In this new column I’m calling “On the nighttable…” I will be highlighting some of the books that I’m reading. Right now, I’m just finishing up a book called “Stabilizing an Unstable Economy” by Hyman Minsky. But the interesting thing is not just that it’s another book on stabilizing the economy… it’s that Minsky wrote it several decades ago, yet it is nonetheless remarkably prescient about the events of the recent years!
Financial Instability And The Minsky Moment
Hyman Minsky was an economist with a unique perspective. Although he was of the so-called “Keynesian” school of thought, he believed that much of the economics community of his era (and arguably, since then as well) had misinterpreted and diluted much of Keynes’ original message.
One of Minsky’s most notable contributions to the body of knowledge was his financial instability hypothesis – in essence, a view that suggested the natural course of the economy was to breed its own endogenous instability until eventually it reached a tipping point – or as many have dubbed it in this context, a “Minsky moment” – that would cause a financial crisis and force intervention to prevent a subsequent debt deflation and deep depression.
The basis of Minsky’s views on financial instability were that, in essence, financial stability itself allows for an environment of increasing risk-taking and financial innovation, until eventually the system destabilizes itself as debt borrowing progresses from “hedge” borrowers (those who borrow with the ability to make principal and interest payments) to “speculative” borrowers (those who borrow to make interest payments but must keep rolling over the debt principal) to “Ponzi” borrowers (those who borrow to purchase assets that can only be afforded if the asset itself continues to rise in value). Eventually, an excess of Ponzi borrowers create an asset bubble that cannot be sustained, and when it “pops” the whole structure begins to unravel again. Notably, this has strong parallels to the progression of the mortgage crisis of the past decade, as Paul McCulley OF PIMCO pointed out in PIMCO’s “Global Central Bank Focus” newsletter article in May of 2009. Consequently, Minsky has lately been enjoying (albeit posthumously) a renewed interest in his writings.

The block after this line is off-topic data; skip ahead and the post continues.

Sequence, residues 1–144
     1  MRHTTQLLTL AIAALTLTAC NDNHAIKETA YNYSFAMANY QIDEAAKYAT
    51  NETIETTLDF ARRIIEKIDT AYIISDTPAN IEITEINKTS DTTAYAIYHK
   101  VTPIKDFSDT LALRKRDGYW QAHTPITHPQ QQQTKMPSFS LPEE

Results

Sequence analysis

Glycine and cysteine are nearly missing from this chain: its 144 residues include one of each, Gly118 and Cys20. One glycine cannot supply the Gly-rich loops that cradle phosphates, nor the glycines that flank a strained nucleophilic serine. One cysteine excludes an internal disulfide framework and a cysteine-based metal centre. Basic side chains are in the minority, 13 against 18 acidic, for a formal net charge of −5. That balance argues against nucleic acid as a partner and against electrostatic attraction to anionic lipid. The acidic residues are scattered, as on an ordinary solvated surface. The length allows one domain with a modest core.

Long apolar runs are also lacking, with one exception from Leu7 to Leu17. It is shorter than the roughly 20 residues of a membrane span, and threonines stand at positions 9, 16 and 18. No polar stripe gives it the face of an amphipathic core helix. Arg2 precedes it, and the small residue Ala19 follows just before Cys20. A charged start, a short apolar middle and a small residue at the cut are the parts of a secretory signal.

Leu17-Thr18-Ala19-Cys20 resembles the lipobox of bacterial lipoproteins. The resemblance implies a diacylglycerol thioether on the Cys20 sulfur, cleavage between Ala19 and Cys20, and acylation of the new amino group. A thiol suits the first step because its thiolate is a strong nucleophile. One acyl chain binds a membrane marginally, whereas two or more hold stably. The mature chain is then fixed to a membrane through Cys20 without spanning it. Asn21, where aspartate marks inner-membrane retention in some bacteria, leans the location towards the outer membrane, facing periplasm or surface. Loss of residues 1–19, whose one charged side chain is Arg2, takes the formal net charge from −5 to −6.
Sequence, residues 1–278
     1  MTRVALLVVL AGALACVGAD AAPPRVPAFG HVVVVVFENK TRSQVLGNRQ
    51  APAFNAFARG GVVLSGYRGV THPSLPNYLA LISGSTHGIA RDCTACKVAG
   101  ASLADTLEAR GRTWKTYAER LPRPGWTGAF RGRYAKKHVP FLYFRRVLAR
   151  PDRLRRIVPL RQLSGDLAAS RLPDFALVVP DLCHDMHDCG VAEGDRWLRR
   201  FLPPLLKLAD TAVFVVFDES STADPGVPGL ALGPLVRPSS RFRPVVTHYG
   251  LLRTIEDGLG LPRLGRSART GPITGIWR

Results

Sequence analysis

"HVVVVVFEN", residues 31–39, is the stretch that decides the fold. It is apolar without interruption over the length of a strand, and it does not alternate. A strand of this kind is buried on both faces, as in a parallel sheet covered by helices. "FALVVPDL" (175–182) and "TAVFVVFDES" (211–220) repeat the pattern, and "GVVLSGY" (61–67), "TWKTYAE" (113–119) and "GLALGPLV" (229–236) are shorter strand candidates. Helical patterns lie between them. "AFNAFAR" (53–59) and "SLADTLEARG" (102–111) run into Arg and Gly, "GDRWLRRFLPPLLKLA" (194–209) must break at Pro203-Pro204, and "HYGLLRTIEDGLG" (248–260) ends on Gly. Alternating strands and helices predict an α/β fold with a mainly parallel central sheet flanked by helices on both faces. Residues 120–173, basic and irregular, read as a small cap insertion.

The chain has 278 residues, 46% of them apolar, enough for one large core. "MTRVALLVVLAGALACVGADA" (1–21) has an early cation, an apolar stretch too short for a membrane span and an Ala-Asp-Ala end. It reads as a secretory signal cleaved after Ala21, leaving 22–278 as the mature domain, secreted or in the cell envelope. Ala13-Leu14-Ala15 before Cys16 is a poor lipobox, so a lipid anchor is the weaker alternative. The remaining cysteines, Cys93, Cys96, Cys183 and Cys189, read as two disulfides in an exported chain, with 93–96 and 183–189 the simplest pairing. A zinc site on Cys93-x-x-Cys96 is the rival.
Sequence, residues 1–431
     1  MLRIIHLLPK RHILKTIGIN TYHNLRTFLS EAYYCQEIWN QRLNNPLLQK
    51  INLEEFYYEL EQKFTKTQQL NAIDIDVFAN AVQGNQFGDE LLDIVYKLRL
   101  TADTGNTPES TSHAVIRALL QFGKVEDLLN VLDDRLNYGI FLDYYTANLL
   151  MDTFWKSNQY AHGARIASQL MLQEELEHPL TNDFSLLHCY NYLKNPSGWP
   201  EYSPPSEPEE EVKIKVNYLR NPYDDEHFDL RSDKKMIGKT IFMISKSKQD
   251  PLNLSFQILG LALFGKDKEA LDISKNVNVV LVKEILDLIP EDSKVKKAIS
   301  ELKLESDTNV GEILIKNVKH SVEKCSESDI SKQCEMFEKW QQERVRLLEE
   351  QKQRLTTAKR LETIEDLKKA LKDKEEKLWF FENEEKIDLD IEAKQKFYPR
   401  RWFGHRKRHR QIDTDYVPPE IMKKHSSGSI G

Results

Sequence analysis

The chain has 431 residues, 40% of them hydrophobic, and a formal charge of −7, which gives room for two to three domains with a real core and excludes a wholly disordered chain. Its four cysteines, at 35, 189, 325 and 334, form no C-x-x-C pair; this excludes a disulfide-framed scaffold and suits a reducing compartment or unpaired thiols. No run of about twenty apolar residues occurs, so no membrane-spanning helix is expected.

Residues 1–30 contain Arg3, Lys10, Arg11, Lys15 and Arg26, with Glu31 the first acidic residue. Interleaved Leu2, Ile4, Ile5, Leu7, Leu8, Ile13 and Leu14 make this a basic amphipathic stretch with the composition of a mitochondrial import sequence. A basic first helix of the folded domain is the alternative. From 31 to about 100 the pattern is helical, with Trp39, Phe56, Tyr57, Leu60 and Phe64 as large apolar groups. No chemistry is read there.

Minsky emphasizes that the nature course of profit-motivated businesses in a capitalistic economy is to eventually innovate to the point of instability; a significant departure from the “traditional” school of thought that the economy naturally progresses towards a stable equilibrium unless adversely impacted by an exogenous shock to the system or a policy mistake. Accordingly, Minsky notes that one of the key roles of government is a more aggressive form of regulatory oversight; otherwise, regulators tend not to enact significant reforms until after a crisis, which inevitably addresses the evils of the past and fails to account for the new innovations of the future, which ultimately begins the destabilizing process anew. As a follower of Keynes, Minsky was also a supporter of “Big Government” to help stabilize the economy, although notably many of his policy recommendations differ from how Keynesian-style government spending policies are enacted today.
Overall, I found “Stabilizing An Unstable Economy” to be a pretty interesting read and perspective on our economic difficulties of the past decade, and some of the potential prescriptive policy solutions. The book itself is not a light read – there’s some pretty dense economics here – but for those who want to explore another “less traditional” perspective on economics that nonetheless resonates in today’s environment, check it out.